• Reply to: Oliver's Twist   by   1 month 4 days ago

    "Oliver's Twist Created by Gary Regan for the Gourmet Magazine food-pairing challenge, 2004. Named for Garrett Oliver, brewmaster for the Brooklyn Brewery, and one of the other competitors.."

  • Reply to: Siena   by   1 month 5 days ago

    Actually pretty good. Sweet, but a little less so than I'd expected with three somewhat-to-quite sweet ingredients. Maraschino slightly dominant; maybe drop it back to .25 oz. Siena the home of Ramazzotti? My bottle says Milan ...

  • Reply to: Raven Stag   by   1 month 5 days ago

    This is really lovely with bourbon instead of cognac.

  • Reply to: Autumn Negroni   by   1 month 5 days ago

    Nice end of summer cocktail.
    I kept thinking that I wanted to work in an apple note somehow as well - for autumn. Apart from eating apple slices as we drank this.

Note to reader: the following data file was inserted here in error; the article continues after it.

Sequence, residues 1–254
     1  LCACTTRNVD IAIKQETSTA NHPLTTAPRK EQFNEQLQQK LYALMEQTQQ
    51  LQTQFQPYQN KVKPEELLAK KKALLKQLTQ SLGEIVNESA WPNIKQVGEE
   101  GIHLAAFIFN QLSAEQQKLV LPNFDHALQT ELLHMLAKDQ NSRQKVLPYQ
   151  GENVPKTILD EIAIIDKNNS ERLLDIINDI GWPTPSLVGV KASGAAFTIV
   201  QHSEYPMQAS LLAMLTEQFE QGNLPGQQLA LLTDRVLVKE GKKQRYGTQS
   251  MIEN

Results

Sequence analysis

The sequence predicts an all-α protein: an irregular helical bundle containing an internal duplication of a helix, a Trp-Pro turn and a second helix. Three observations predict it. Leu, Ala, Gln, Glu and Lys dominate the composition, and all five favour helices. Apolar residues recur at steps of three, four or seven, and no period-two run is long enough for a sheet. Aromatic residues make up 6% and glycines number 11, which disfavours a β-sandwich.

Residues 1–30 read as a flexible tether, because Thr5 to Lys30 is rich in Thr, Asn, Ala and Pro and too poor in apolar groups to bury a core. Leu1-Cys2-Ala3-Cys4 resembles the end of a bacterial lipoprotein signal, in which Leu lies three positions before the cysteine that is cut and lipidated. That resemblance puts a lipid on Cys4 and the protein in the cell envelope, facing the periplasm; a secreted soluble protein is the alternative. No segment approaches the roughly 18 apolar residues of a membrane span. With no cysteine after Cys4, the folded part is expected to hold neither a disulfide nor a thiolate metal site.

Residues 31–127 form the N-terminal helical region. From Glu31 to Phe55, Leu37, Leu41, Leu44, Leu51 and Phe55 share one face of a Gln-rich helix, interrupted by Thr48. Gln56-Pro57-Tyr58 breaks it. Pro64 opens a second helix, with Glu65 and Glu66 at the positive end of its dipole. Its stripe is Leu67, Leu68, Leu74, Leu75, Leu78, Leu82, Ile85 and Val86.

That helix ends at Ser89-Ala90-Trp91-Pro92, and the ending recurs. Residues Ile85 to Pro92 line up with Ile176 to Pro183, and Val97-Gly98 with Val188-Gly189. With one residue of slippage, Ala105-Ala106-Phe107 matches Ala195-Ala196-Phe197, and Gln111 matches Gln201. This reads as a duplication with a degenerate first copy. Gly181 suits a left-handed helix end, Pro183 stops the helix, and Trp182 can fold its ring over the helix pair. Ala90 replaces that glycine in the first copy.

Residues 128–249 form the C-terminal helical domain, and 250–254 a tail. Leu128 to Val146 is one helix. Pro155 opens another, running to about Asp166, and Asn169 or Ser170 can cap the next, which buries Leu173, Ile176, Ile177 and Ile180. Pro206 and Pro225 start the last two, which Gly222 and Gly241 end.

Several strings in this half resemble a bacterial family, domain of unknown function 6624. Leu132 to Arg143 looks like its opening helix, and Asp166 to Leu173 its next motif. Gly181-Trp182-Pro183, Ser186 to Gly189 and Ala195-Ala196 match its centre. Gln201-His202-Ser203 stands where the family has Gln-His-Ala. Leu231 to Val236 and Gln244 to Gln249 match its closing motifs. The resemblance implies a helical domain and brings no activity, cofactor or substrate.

• Reply to: The Chunnel   by   1 month 6 days ago

    <br />A simple but satisfying cocktail, even in these waning days of fall. I ran out of Hendrick's, so I used Citadelle, which, like Hendrick's, is Juniper light and floral heavy. And fortunately I had several Meyer lemons on hand (NOTE: they keep in the frig for months, so it's worthwhile to have some on hand--they're versatile). I knew from my experience making G & T and adding Elderflower liqueur, that The Chunnel should be a satisfying drink.